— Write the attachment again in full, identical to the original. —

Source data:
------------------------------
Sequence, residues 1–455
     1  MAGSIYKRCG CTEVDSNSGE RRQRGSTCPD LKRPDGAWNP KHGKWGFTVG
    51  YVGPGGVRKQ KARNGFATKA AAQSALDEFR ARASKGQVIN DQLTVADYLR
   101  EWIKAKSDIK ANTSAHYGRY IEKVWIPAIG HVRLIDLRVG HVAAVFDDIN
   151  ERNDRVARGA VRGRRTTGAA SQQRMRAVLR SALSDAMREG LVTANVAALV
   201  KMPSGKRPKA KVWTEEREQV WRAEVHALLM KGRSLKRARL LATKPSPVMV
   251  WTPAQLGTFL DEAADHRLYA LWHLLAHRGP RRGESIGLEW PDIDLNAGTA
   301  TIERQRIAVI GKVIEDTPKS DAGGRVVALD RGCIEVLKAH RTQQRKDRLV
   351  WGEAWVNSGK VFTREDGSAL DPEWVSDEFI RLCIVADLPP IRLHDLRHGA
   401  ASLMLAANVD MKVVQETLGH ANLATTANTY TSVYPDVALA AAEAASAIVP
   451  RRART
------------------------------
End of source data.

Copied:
Sequence, residues 1–455
     1  MAGSIYKRCG CTEVDSNSGE RRQRGSTCPD LKRPDGAWNP KHGKWGFTVG
    51  YVGPGGVRKQ KARNGFATKA AAQSALDEFR ARASKGQVIN DQLTVADYLR
   101  EWIKAKSDIK ANTSAHYGRY IEKVWIPAIG HVRLIDLRVG HVAAVFDDIN
   151  ERNDRVARGA VRGRRTTGAA SQQRMRAVLR SALSDAMREG LVTANVAALV
   201  KMPSGKRPKA KVWTEEREQV WRAEVHALLM KGRSLKRARL LATKPSPVMV
   251  WTPAQLGTFL DEAADHRLYA LWHLLAHRGP RRGESIGLEW PDIDLNAGTA
   301  TIERQRIAVI GKVIEDTPKS DAGGRVVALD RGCIEVLKAH RTQQRKDRLV
   351  WGEAWVNSGK VFTREDGSAL DPEWVSDEFI RLCIVADLPP IRLHDLRHGA
   401  ASLMLAANVD MKVVQETLGH ANLATTANTY TSVYPDVALA AAEAASAIVP
   451  RRART